Your High School Career on Paper: What Will it Tell About You?

By Elizabeth Hansford on September 18, 2013
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Throughout my high school career I was nothing but a slacker. My senior year was brutal. It was packed with every single class I had to have in order to graduate. I even had extra classes I had to take outside of school just to get all my required credits. Talk about leaving everything to the last minute. I was a trouble-child in middle school, and even though it faded with age, it followed me like a shadow right on up to high school. It became hard, then, putting everything into four blocks per semester, as I’d put myself in a position where I needed to play catch-up. As I have firsthand experience, trust me when I say this: you do not want to waste your free time outside of school on more school.

Everyone starts out with a dream. In elementary school your teachers ask you what you want to be when you grow up and what your dreams are. Well, there are colleges out there that will answer those dreams. They will prepare you for what you wish to be. First, though, you have to go through high school. Colleges, after all, only get to view you and all your accomplishments by what you can show them on paper. Basically, you should spend your time in high school filling up your own paper with things that will make colleges say, “Wow!” when they learn about you. If you choose not to make your high school years count, the colleges that can make your dreams come true will never accept you.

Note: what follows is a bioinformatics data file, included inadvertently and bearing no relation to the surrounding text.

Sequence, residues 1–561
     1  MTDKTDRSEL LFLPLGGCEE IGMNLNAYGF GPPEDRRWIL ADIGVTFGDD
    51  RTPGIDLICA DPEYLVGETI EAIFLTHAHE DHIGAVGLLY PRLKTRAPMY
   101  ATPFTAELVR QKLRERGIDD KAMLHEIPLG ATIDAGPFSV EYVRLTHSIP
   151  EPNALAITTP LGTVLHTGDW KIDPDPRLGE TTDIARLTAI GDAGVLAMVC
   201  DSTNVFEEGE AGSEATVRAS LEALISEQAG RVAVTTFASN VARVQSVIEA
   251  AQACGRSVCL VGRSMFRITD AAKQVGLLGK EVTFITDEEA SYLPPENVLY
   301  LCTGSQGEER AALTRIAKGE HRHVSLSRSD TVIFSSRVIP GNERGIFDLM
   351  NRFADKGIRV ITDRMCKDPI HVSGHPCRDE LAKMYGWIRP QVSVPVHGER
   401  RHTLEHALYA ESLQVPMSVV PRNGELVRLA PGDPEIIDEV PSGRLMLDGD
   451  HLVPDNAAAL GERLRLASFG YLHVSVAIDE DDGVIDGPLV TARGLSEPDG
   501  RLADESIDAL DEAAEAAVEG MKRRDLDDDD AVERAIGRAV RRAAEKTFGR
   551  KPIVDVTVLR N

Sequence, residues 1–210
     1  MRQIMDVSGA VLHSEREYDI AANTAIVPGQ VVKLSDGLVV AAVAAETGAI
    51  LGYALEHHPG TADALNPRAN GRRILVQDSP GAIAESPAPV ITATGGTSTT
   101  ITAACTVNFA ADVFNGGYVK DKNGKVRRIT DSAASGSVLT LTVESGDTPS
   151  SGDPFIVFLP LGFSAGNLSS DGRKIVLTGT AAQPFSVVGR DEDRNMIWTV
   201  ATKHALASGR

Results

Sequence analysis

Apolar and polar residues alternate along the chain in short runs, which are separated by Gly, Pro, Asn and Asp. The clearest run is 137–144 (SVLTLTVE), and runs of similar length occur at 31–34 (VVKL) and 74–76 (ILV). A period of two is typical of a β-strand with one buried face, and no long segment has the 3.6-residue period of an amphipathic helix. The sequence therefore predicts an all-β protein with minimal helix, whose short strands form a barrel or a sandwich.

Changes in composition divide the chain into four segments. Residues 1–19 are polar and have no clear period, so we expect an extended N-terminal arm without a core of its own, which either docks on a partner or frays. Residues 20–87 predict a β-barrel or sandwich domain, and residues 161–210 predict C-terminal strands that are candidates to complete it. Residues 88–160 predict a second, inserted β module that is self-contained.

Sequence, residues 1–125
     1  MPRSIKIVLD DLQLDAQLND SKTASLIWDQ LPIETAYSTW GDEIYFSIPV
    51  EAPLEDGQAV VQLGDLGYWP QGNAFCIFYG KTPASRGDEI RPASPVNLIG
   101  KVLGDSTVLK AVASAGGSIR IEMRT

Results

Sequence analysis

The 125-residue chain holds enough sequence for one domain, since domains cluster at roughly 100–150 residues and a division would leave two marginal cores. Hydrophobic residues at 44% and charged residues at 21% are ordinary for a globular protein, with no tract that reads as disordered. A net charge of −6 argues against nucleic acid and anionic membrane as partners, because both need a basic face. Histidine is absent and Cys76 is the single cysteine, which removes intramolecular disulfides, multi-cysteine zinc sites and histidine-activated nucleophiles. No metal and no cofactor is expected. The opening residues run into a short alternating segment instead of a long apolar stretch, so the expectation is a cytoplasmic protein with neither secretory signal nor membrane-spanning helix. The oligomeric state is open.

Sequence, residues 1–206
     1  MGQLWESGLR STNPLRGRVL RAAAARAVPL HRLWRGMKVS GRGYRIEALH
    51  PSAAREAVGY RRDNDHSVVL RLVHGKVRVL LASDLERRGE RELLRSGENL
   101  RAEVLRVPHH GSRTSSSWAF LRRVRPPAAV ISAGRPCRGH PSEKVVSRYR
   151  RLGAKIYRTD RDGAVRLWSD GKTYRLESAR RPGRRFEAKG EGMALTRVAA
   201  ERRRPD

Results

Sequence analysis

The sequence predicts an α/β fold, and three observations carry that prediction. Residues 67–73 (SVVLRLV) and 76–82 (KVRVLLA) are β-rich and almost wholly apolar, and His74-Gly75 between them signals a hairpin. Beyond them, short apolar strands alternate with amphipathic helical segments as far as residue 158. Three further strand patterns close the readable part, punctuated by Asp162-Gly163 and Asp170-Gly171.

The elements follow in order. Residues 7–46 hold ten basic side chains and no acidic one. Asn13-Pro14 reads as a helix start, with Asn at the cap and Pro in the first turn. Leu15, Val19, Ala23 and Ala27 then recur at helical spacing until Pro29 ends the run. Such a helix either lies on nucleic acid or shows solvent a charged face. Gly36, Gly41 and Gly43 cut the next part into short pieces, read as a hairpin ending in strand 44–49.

My advice to current high school students, then, about how to make the best-possible first impressions on their ways to making their dreams come true, comes down to this: “Make every year count, no, make every second count.” Be sure to make the most of it. How you use this time affects you and you only, so do it for yourself.

Sure, your parents and teachers will want you to do your very best, but remember: everything you do in this part of your life is strictly for you and your future. It won’t affect your dad’s chances getting into college; he’s already been there and done that.

Also, you should remember that every single thing you do in high school will follow you wherever you go, whether you choose to stay where you are and raise a family, go out to the city for the college experience, or even try to get a job at McDonald’s. It doesn’t matter what you do, people are always going to be looking back at what you did in high school. So, again, make it count. Pretty simple don‘t you think?

If all this “make it count, and do it for yourself” talk isn’t convincing, I’ll try another strategy: What you do in high school is directly related to the money you’ll one day earn. Plain and simple, if you want money someday, you’ll want a good high school reputation. Believe it or not, it really does pay off to do well in school. Good grades, good attendance, and a handful of extra-curricular activities will get you a long way.

High school doesn’t prepare you for the real world very well, but it does try. And it accomplishes a lot with the really important basics like teaching you how to be on time, how to follow rules, and even how to survive an eight-to-five job. If your high school record shows that you couldn’t do these things well, it’ll be like telling the world that you won’t be a good employee or college student or anything else that expects some basic accountabilities.

Even if you’re not thinking about college, after all, and plan to lounge on mom’s couch as long as you can, it’s probably going to mean that mom will, at some point, want some help. She might even want rent. That means a job. A job means having a high school diploma, that is, if you want any real money for your hard work. And a high school diploma means making the most of high school.

About the Author

Elizabeth Hansford

Elizabeth Hansford

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